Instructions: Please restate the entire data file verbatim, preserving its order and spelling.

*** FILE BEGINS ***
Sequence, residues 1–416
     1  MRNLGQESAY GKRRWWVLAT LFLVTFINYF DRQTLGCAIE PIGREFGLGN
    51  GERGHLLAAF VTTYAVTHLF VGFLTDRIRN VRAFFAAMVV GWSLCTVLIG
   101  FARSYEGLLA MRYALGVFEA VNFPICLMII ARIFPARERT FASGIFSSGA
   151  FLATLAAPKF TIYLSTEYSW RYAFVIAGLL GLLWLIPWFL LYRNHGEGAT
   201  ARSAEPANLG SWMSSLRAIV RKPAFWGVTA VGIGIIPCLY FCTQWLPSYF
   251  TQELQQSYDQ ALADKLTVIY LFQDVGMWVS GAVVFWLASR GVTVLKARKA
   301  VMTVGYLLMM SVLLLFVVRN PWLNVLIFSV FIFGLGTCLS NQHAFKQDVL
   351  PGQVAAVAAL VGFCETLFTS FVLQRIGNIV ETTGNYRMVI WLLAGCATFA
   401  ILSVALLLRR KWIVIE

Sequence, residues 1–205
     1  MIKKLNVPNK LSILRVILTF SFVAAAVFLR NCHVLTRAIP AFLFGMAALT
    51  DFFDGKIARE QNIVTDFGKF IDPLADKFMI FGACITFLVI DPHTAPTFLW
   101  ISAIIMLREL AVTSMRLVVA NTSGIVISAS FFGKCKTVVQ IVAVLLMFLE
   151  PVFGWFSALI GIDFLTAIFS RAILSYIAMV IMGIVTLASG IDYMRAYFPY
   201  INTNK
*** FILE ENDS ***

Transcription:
Sequence, residues 1–416
     1  MRNLGQESAY GKRRWWVLAT LFLVTFINYF DRQTLGCAIE PIGREFGLGN
    51  GERGHLLAAF VTTYAVTHLF VGFLTDRIRN VRAFFAAMVV GWSLCTVLIG
   101  FARSYEGLLA MRYALGVFEA VNFPICLMII ARIFPARERT FASGIFSSGA
   151  FLATLAAPKF TIYLSTEYSW RYAFVIAGLL GLLWLIPWFL LYRNHGEGAT
   201  ARSAEPANLG SWMSSLRAIV RKPAFWGVTA VGIGIIPCLY FCTQWLPSYF
   251  TQELQQSYDQ ALADKLTVIY LFQDVGMWVS GAVVFWLASR GVTVLKARKA
   301  VMTVGYLLMM SVLLLFVVRN PWLNVLIFSV FIFGLGTCLS NQHAFKQDVL
   351  PGQVAAVAAL VGFCETLFTS FVLQRIGNIV ETTGNYRMVI WLLAGCATFA
   401  ILSVALLLRR KWIVIE

Sequence, residues 1–205
     1  MIKKLNVPNK LSILRVILTF SFVAAAVFLR NCHVLTRAIP AFLFGMAALT
    51  DFFDGKIARE QNIVTDFGKF IDPLADKFMI FGACITFLVI DPHTAPTFLW
   101  ISAIIMLREL AVTSMRLVVA NTSGIVISAS FFGKCKTVVQ IVAVLLMFLE
   151  PVFGWFSALI GIDFLTAIFS RAILSYIAMV IMGIVTLASG IDYMRAYFPY
   201  INTNK